Bringing Ezra Backby Cynthia DeFelice
September 1840 marks five months since twelve-year-old Nathan Fowler's life-threatening encounter with Weasel, the heartless man who stalked Nathan like a wild animal through the forest. Nathan hasn't been the same since, wary of every new person he meets - including the visiting peddler Orrin Beckwith. When Beckwith shows Nate and his family a handbill advertising a show with a "white Injun," a man without a tongue, Nathan is sure the man is his friend Ezra, who lost his tongue to Weasel's knife. Determined to save Ezra from this traveling show of "human oddities," Nathan sets out with Beckwith from Ohio to Pennsylvania. On the way, Nathan encounters more people than he's ever met before, and he begins to learn a thing or two about human nature. The biggest shock, however, is Ezra himself, and it will take more than Nathan bargained for to bring him back home.
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Bringing Ezra Back
By Cynthia DeFelice
Farrar, Straus and GirouxCopyright © 2006 Cynthia C. DeFelice
All rights reserved.
The state of Ohio, 1840 ...
AN ITCHY FOOT means you'll soon go on a journey, folks say. If it's your right foot that itches, you'll start off for someplace far away. If your left foot is the itchy one, you'll go where you're not wanted. Mama had never set store by such notions, and I reckon she was right. But both my feet were itchy, and I couldn't help wondering what it meant.
I took off my shoes, got one look at the bumps and blisters, and had my answer. Like a fool, I must have stepped in the poison ivy vines that grew behind the barn.
I climbed up on the fence I'd been mending, and scratched my feet hard against the bottom rail. The rough wood felt good.
As long as I was taking a rest from work, I figured I might as well play a few licks on my fiddle. Since Pa got it for me, I took it with me wherever I went. When I was teasing sounds out of it, I forgot most everything else — including, I hoped, itchy feet.
I'd been playing for a while when a man appeared before me real sudden-like, out of nowhere, or so it seemed. Without thinking, I raised my right arm. I wished I'd been honing a scythe, or sharpening Pa's knife, or cleaning his rifle. At least that way I'd have a weapon in my hand instead of a fiddle bow.
"Whoa there," I said warily. "Who are you? And what do you want here?"
The man stopped and held up his hands, with the palms open toward me. "Whoa, yourself, young fellow," he said. "There's no call to be so tetchy."
I reckon I was touchy. In the year past I'd met a man called Weasel, and from him I'd learned there are people whose hearts are blacker than a moonless night. I'd gotten lost in that darkness, so lost I couldn't see my way out for a long time.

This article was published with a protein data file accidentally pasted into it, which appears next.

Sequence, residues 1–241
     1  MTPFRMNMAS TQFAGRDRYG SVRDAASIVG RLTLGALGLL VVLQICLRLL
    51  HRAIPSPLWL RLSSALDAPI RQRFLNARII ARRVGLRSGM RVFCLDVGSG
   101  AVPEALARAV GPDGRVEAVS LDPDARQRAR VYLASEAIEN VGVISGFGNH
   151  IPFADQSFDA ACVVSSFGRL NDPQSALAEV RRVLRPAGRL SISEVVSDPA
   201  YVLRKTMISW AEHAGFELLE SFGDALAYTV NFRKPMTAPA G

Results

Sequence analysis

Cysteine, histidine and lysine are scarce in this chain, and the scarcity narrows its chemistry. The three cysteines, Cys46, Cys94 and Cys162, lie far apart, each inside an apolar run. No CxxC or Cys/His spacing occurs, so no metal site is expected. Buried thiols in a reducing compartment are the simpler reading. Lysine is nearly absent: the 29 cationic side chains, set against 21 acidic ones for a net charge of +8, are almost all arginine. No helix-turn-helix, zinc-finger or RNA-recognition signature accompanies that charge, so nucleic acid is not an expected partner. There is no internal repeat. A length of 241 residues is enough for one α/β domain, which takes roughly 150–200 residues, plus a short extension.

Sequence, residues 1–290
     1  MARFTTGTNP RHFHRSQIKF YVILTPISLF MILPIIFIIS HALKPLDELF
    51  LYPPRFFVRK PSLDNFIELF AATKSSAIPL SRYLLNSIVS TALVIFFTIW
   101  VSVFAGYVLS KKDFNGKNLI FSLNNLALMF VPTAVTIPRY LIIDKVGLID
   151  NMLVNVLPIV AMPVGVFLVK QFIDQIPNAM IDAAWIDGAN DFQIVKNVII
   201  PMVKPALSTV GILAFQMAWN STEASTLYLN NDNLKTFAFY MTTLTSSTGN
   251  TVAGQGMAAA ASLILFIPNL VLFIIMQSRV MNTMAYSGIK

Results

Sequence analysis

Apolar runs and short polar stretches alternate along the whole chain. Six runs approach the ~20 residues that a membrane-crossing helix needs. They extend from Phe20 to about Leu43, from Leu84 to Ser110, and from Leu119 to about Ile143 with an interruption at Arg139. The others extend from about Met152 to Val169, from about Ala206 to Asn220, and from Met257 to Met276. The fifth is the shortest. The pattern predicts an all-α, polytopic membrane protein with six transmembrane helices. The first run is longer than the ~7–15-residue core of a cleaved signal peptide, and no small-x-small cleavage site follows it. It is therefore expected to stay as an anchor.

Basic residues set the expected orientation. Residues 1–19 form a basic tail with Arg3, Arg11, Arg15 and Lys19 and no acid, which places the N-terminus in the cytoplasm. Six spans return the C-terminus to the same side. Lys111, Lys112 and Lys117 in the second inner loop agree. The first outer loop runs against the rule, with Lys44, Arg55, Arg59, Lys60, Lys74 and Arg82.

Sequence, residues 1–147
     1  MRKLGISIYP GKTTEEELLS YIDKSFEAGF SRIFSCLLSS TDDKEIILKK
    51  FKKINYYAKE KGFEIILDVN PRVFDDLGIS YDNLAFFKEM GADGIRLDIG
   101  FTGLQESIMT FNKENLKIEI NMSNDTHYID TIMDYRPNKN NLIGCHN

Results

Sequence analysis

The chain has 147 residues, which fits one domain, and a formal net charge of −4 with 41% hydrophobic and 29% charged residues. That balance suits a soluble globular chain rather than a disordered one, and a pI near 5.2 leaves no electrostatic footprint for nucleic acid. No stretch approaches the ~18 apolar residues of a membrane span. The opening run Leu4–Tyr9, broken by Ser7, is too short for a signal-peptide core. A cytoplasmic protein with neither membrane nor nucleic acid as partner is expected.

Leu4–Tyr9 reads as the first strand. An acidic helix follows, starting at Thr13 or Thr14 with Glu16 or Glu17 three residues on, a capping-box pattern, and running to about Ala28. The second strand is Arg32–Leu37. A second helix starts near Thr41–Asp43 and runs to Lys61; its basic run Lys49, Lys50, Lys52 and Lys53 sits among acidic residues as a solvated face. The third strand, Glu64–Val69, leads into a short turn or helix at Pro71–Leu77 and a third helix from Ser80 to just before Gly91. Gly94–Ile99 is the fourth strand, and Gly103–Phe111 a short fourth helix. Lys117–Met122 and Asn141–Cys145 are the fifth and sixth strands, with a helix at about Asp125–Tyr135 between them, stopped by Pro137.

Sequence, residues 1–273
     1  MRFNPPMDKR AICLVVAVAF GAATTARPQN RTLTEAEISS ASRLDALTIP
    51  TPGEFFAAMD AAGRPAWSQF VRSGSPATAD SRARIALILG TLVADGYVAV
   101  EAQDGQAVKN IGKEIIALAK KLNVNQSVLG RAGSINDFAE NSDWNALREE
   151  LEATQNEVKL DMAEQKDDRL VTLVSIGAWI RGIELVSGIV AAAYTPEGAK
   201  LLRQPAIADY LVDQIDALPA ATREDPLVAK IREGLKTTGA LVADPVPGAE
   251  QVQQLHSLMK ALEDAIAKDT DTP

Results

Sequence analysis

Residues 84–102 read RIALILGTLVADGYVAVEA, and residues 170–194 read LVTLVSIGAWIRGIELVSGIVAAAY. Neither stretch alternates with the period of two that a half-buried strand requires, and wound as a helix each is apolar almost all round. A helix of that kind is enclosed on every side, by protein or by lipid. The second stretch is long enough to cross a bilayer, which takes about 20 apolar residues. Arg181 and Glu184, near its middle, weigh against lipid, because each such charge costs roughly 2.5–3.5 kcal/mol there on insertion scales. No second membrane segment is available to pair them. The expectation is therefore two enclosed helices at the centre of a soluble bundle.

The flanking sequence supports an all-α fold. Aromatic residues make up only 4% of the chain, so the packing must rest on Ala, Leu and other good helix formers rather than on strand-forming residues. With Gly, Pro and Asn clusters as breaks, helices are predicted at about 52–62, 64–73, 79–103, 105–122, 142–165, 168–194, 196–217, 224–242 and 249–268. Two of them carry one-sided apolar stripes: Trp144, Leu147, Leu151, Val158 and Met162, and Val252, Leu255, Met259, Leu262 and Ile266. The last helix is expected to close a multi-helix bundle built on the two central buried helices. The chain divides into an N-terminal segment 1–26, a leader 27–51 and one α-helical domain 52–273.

Since then I'd worked hard on the farm and had taken up the fiddle. Both helped to keep my mind off Weasel. Still, memories of him got mixed up in the jobs I did and the tunes I played. I reckon a body can't lose the knowledge of something once he's got it.
For one thing, I couldn't take to new folks right off, the way I used to. I didn't mean to be standoffish, but I could never be sure about a stranger, whether he was likely to want to do me harm, the way Weasel had. Pa and my sister, Molly, were about the only people I trusted. I'd say Mama, too, and our friend Ezra, but they weren't with us anymore. Mama had caught fever and gone to the next world. As for Ezra, he'd gone west to find his wife's kinfolk, and Pa and Molly and I didn't know if he ever got there.
I told myself this feller looked harmless enough. He was wearing a pack like the one Isaac the Peddler wore when he stopped by our cabin each spring and fall. Molly and I looked forward to Isaac's visits more than just about anything else all year.
"You peddling?" I asked.
The man nodded, and smiled broadly.
"Isaac's always been the one to come out to these parts," I said.
"Isaac gave up the traveling way of life," the man informed me. "He got himself a little store back east. Said he was too old to be toting a pack around in the wilds with nothing but God's earth for a mattress and pillow."
Isaac had always said he meant to settle someday, but I never reckoned he'd actually do it.
"I wouldn't say no to setting this pack down and partaking of a bit of refreshment, if you take my meaning," the man said.
Mama would have asked me where my manners were, keeping a visitor standing in the barnyard after all the miles he'd traveled. "I reckon you'd better come on inside," I said.
The man tipped his hat to me and smiled again. "Orrin Beckwith, at your service," he answered, giving me a little bow.
"I'm Nathan Fowler," I said. Then I forced myself to add, "Welcome to you."